Novak Djokovic: Appetite to win

The usual ingredients for success are often cited as natural talent, a childhood dream, a burning desire to win and support from early on… but sometimes even these aren’t enough to win. Novak Djokovic’s extraordinary story reveals that for him there was another ingredient needed to make it all come right

 

Novak Djokovic was born in 1987 in Belgrade, communist Yugoslavia. His family was athletic, and Djokovic’s dad, a pizza parlour owner, had once been a professional skier. Tennis was not a well-known sport in Yugoslavia, but the moment the six-year-old Djokovic saw coverage of Pete Sampras lifting the trophy at Wimbledon, he knew that’s what he wanted, too.

His parents spent their summers in the mountain ski resort of Kapaonik, and it was here that the council decided to build a tennis academy. Fascinated, he hung around the courts watching through the wire, until a coach asked him if he wanted to play.

Djokovic remembers: “The next day, I showed up with a tennis bag. Inside was everything a professional would need: a racquet, a water bottle, rolled-up towel, extra shirt, wristbands, and balls, all neatly folded into the case.”

The trainer, Jelena Gencic, had been coach to Monica Seles. Calling Djokovic her ‘Golden Child’ she claimed she’d never seen anyone with so much natural talent in her life. She set about giving him a complete education – opening his mind to new ideas and influences. She introduced him to classical music and poetry to make him a rounded human being.

But his childhood was interrupted in 1999 when war broke out and NATO intervened in the break-up of Yugoslavia. At first terrified, Djokovic, like many others, found a defiant stoicism in himself. “To truly accept your powerlessness is incredibly liberating,” he says. “Whenever I am extra nervous, not happy with something, or frustrated, whenever I feel like I am spoiled and I want more than I deserve, I try to refocus myself and remember growing up, remember how it was back then. That puts things back in perspective. I remember the things that I really value: family, fun, joy, happiness, love.”

Throughout the 78 nights of bombing, Djokovic hung on to his passion: tennis. Picking his way through the craters regularly to find his old tennis club. “Our tennis club became a getaway for me and most of my tennis peers. We practised every day for four to five hours; we even played amateur tournaments during bombings, and it brought us so much joy that we could play tennis during wartime,” he says.

These, then, are the foundations for an extraordinary character – a naturally gifted tennis player, obsessed with the sport, determined, willing to spend every waking minute realising his dream.

Djokovic dedicates three to five hours every day either playing or practising on court, doing tai chi, yoga, meditation and stretches to maintain his super-suppleness. He has a supportive family, and a team and coach that helps him find the very best in himself.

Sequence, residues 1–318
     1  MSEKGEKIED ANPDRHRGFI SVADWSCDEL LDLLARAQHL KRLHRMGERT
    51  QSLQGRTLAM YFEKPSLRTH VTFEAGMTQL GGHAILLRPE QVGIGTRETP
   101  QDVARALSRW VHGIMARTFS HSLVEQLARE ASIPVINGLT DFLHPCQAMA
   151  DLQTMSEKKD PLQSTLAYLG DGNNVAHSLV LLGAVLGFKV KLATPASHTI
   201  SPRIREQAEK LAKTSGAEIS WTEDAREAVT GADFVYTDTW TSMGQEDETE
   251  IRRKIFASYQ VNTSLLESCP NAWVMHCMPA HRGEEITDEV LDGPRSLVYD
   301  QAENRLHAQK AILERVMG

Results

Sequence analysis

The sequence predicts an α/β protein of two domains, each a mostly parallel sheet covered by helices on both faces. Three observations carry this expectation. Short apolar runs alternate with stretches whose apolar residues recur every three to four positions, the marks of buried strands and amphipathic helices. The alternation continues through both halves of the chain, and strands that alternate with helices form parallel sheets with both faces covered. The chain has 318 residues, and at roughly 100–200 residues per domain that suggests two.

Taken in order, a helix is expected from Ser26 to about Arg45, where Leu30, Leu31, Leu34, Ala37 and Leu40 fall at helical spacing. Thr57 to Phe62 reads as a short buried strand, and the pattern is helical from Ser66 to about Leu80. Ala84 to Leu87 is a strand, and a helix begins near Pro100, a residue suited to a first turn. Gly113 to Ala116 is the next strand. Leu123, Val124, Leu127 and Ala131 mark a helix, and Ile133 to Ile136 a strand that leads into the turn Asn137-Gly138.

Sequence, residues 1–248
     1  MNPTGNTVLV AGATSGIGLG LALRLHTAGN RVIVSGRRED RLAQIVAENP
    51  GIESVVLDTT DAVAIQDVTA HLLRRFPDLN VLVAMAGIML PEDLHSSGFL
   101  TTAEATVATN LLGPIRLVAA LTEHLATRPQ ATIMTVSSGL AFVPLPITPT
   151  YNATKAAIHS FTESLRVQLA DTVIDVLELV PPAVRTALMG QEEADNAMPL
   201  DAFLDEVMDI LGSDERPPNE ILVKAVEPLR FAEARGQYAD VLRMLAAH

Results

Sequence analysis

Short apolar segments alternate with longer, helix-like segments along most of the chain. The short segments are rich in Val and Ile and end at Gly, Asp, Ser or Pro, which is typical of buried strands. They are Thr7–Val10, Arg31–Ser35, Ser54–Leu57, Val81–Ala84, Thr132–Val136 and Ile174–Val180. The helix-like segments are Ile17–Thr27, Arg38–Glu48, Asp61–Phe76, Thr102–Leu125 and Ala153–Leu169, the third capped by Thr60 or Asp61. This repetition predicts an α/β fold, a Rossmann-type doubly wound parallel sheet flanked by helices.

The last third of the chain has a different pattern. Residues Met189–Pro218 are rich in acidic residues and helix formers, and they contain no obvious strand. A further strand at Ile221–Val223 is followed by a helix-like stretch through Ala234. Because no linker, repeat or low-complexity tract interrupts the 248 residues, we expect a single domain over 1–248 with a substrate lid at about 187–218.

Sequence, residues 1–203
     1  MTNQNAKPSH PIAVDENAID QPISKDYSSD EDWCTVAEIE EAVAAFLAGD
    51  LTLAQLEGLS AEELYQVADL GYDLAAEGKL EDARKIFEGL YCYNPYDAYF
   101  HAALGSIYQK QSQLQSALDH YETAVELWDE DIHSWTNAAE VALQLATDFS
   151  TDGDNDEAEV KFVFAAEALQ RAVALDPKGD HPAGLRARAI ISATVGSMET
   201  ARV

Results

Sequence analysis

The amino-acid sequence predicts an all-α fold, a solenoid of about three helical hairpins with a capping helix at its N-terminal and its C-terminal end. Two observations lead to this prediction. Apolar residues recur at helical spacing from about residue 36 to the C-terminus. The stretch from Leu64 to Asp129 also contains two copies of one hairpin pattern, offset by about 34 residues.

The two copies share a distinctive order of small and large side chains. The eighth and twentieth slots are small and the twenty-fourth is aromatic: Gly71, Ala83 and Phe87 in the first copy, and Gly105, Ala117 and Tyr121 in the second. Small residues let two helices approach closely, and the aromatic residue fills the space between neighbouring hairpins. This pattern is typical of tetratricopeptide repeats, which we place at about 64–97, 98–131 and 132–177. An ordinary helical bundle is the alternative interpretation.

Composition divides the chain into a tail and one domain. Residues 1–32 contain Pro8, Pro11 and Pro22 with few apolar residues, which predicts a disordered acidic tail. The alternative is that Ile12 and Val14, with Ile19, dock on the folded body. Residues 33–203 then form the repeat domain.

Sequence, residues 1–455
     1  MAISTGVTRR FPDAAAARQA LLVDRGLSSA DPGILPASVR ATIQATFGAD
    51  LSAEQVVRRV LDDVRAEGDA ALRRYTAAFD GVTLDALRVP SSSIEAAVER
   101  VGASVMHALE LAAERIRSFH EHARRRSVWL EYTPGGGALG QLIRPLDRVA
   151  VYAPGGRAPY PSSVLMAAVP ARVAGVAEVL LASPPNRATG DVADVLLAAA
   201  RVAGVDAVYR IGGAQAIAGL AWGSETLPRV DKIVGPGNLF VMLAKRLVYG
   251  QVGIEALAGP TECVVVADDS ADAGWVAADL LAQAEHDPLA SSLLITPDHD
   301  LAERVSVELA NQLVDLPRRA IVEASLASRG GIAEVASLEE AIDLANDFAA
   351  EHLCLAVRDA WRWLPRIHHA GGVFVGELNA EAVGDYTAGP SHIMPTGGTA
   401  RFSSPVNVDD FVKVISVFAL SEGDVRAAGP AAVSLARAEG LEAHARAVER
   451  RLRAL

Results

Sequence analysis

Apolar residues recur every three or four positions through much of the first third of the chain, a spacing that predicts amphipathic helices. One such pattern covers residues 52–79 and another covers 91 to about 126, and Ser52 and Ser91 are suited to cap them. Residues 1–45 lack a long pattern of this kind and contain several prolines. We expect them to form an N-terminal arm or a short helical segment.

And yet by 2010, it was clear that despite this, something was holding him back. A brilliant player, he was also famed for bouts of ill health on the court causing him to collapse at the crucial part of the game. He had trouble with his stomach and his breathing that experts variously put down to asthma, a cold, 
a breathing problem requiring surgery and many other diagnoses – but he could not find the key to consistent, top flight match success.

Then, one day, he was approached by Dr Igor Cetojevic who told the player that he suspected a food allergy was the cause and suggested he go gluten-free.

Djokovic is outspoken about the immediate change. “I felt lighter, more energetic. The nighttime stuffiness I had lived with for 15 years suddenly disappeared… I woke up feeling as though I’d had the best night’s sleep of my life.”

The rise in Djokovic’s career from this point speaks for itself. From being described as “a joke” by Rafael Nadal, Djokovic went on to win 41 matches in a row. Within 18 months he had won Wimbledon.

Djokovic is absolutely sure that this simple change led to him finding his form and has written a book, Serve to Win, to explain how he managed to overcome his earlier challenges through food.

He is a one-off, a unique, mature player, resilient and brilliant on the court, superbly supple and agile. Alongside Roger Federer and Rafael Nadal, Andre Agassi considers that Novak Djokovic, “may very well be the greatest three players to ever play tennis.”

It is safe to say that his consistency and brilliance on the court has come from all the ingredients one associates with success: dedication, a great team to support him, a disciplined routine, natural talent and a burning passion. And it has one additional ingredient – a gluten-free diet.

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